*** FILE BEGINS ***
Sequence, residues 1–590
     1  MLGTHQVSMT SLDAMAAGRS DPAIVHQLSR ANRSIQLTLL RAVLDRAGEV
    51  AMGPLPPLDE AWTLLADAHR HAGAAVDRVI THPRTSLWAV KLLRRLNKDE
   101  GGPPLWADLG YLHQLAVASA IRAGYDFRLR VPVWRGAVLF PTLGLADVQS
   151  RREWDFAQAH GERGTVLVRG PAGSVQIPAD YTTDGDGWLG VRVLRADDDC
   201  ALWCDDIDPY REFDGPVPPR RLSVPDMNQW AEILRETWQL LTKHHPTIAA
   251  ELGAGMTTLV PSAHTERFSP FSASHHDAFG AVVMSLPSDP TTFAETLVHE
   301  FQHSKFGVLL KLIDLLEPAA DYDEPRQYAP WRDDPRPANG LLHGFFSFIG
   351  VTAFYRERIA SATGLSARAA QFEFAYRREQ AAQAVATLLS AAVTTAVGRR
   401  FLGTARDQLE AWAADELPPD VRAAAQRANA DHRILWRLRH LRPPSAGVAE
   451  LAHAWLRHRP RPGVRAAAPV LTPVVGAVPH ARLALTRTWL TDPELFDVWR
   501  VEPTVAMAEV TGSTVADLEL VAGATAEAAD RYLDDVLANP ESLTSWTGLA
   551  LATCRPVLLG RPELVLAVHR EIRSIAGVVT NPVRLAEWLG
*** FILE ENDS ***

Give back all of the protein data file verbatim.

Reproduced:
Sequence, residues 1–590
     1  MLGTHQVSMT SLDAMAAGRS DPAIVHQLSR ANRSIQLTLL RAVLDRAGEV
    51  AMGPLPPLDE AWTLLADAHR HAGAAVDRVI THPRTSLWAV KLLRRLNKDE
   101  GGPPLWADLG YLHQLAVASA IRAGYDFRLR VPVWRGAVLF PTLGLADVQS
   151  RREWDFAQAH GERGTVLVRG PAGSVQIPAD YTTDGDGWLG VRVLRADDDC
   201  ALWCDDIDPY REFDGPVPPR RLSVPDMNQW AEILRETWQL LTKHHPTIAA
   251  ELGAGMTTLV PSAHTERFSP FSASHHDAFG AVVMSLPSDP TTFAETLVHE
   301  FQHSKFGVLL KLIDLLEPAA DYDEPRQYAP WRDDPRPANG LLHGFFSFIG
   351  VTAFYRERIA SATGLSARAA QFEFAYRREQ AAQAVATLLS AAVTTAVGRR
   401  FLGTARDQLE AWAADELPPD VRAAAQRANA DHRILWRLRH LRPPSAGVAE
   451  LAHAWLRHRP RPGVRAAAPV LTPVVGAVPH ARLALTRTWL TDPELFDVWR
   501  VEPTVAMAEV TGSTVADLEL VAGATAEAAD RYLDDVLANP ESLTSWTGLA
   551  LATCRPVLLG RPELVLAVHR EIRSIAGVVT NPVRLAEWLG